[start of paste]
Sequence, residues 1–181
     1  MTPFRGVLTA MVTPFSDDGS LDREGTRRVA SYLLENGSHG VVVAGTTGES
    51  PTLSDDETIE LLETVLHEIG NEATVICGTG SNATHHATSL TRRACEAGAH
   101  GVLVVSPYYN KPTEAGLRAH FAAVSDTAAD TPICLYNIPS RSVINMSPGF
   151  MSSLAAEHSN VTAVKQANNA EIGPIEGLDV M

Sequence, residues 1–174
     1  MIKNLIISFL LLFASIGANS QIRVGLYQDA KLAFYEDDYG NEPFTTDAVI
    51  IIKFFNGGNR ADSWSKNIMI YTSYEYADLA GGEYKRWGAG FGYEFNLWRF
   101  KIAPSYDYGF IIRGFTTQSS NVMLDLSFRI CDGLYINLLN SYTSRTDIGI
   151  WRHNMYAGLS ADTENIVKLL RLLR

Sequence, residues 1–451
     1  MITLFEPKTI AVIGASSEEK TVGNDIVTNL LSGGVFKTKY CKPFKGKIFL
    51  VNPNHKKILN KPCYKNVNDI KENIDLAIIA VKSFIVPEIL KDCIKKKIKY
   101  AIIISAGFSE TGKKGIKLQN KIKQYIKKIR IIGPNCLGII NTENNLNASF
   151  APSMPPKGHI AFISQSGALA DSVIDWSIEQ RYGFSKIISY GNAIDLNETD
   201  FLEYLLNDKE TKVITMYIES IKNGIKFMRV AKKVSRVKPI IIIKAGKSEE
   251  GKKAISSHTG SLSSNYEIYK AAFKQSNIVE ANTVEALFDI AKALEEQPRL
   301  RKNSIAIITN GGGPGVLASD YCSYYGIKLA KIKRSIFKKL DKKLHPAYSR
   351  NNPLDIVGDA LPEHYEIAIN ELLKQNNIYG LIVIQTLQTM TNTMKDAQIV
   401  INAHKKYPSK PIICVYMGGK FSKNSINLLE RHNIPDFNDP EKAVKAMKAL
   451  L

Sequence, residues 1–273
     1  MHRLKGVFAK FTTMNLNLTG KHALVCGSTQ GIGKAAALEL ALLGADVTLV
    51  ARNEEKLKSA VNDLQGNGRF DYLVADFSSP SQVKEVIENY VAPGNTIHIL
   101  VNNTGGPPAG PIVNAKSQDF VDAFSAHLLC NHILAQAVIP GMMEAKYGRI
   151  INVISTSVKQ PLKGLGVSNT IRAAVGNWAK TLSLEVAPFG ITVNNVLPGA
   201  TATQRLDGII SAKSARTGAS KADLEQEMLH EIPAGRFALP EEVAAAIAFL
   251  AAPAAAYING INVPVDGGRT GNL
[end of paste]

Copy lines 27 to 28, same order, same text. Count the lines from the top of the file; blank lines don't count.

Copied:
   201  TATQRLDGII SAKSARTGAS KADLEQEMLH EIPAGRFALP EEVAAAIAFL
   251  AAPAAAYING INVPVDGGRT GNL